Step 1: Burn (or acquire) a copy of the Ubuntu install media.  It is freely downloadable from the Ubuntu website.  For a production server, I would recommend using the current LTS version.  Whether you should pick 64-bit or 32-bit depends on if you are running 64-bit or 32-bit hardware.  When in doubt, you can always pick 32-bit.

Step 2: Boot the server to the install media (CD, DVD, USB thumb drive, etc).  The first prompt you will see will ask what language you would like to proceed in, for the install process.

Step 3: Select “Install Ubuntu Server”

Step 4:  Select your preferred language again.

Step 5:  If you live within the US and speak English, you easiest to select no at this point.

Step6:  Select “USA”

Step 7:  Select “USA”

Step 8:  Next, you need to pick a hostname for the machine.  It should ideally be something memorable and short.

Step 9:  Select your time zone.  For me, the installer was able to determine it automatically.

Step 10:  Select “Guided – Use entire disk and set up LVM”

Step 11:  Select the hard drive that you would like to install Ubuntu on

Step 12:  Select “yes”

Step 13:  Specify how much of the hard drive you want Ubuntu to use.  If it is the only thing on the hard drive, you will want it to use all of the hard drive.

Step 14:  Select “yes”

Step 15:  Supply your full name.

Step 16:  Supply a username that you would like to use.  This is the username you will be using to log into the computer.

Step 17:  Pick a password to use with the username (from step 16).

Step 18:  Retype the password you entered in step 17.

Step 19:  Choose whether or not you want to encrypt your home directory.  I never store anything within the home directory, so I said no.  You can if you want to.  It helps prevent theft of your data if the actual hard drive is stolen.

Step 20:  Specify your http proxy, if you use one.  My employer uses one but, chances are, you can leave this blank.

Step 21:  Select “Install security updates automatically”.  It’s just a good idea.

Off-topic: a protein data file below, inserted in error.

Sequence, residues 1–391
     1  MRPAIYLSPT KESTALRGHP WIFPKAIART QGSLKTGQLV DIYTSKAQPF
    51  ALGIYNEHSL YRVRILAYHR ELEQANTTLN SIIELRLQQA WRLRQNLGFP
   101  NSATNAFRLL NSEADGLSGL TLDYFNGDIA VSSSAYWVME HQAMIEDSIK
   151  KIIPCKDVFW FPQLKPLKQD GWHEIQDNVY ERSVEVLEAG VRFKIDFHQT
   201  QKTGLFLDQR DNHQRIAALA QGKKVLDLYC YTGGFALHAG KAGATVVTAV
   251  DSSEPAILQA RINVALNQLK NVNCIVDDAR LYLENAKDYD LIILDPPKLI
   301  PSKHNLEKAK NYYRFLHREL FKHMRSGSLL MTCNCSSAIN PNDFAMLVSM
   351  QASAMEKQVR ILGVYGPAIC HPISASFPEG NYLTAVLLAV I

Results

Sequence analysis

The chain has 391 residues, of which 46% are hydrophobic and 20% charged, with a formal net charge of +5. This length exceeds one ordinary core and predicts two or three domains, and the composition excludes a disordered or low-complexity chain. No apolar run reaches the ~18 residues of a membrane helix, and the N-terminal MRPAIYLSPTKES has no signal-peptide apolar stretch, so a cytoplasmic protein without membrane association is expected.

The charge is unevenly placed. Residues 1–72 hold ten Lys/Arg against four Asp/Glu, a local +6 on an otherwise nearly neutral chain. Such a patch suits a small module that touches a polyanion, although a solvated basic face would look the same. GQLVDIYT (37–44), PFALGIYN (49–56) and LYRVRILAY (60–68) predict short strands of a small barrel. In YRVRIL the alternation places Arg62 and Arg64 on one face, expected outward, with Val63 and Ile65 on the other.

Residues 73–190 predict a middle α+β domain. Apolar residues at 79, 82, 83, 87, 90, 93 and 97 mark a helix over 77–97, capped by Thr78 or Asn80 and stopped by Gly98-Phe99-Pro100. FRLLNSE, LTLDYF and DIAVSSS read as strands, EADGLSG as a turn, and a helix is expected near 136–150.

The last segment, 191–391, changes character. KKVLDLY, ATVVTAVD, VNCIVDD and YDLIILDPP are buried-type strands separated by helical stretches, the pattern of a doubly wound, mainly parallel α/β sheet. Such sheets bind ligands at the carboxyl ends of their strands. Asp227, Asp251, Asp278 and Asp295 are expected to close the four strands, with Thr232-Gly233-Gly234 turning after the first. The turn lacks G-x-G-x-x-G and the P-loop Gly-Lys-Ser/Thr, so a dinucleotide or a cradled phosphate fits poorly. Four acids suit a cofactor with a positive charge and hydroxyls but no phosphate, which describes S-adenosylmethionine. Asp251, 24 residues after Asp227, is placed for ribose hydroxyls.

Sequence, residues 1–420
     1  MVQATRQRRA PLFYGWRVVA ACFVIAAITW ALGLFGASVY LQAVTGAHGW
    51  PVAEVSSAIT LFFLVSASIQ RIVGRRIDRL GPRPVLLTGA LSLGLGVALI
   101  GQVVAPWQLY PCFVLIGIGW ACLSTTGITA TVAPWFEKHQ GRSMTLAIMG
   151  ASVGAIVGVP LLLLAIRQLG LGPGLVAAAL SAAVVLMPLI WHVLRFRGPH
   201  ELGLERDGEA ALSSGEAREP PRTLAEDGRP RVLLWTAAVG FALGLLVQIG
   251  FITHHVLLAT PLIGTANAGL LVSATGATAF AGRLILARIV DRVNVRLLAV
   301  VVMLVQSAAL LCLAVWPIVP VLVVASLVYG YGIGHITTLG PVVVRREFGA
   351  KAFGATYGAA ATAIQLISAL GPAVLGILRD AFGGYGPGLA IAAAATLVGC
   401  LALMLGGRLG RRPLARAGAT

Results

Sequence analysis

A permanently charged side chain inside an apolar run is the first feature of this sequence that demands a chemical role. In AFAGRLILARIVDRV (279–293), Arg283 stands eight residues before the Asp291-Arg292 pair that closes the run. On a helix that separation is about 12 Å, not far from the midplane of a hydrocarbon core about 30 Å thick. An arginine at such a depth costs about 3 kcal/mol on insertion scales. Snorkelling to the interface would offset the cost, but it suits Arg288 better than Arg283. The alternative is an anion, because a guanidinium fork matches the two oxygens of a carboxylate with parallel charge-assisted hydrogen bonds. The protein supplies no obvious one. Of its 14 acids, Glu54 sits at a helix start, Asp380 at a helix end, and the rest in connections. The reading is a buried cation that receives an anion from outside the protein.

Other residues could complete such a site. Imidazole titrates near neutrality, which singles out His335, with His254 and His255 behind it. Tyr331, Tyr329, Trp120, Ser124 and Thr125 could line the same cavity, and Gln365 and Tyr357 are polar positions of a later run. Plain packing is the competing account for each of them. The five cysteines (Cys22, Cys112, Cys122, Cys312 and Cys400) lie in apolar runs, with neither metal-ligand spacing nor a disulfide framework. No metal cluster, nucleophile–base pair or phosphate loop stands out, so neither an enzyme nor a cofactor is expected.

Step 22:  Here, you are going to select which services you want the installer to install.  You can install any of these later but you may want to elect to install them now.  I chose to install the OpenSSH server at this point, because I will definitively need it in the future.  Without it, I won’t be able to SSH into the computer.

Step 23:  Assuming that Ubuntu is the only thing installed on this server (you aren’t dual-booting), select “yes”.

Step 24:  Congratulations.  Ubuntu Server is now installed on your server.  Now you can log into it and start getting down to business.


I will be trying to do a few more “how-to” posts regarding setting up a linux server.  This post is meant to be a foundation.  If you have any questions, please feel free to ask them in the comments.


How to watch errors in Linux as they occur, using tail

I have used this a bit to see what’s going on with Apache, when something goes wrong.  If, while at your trusty Ubuntu command line, you type ‘tail -F’ and then a file name, it will sit there and show you additions to the file as they occur.  This means that you could type ‘sudo tail -F /var/log/apache2/error.log’ and it will sit there and spit out Apache2 error messages as they occur.  Good for figuring out what you broke today. 🙂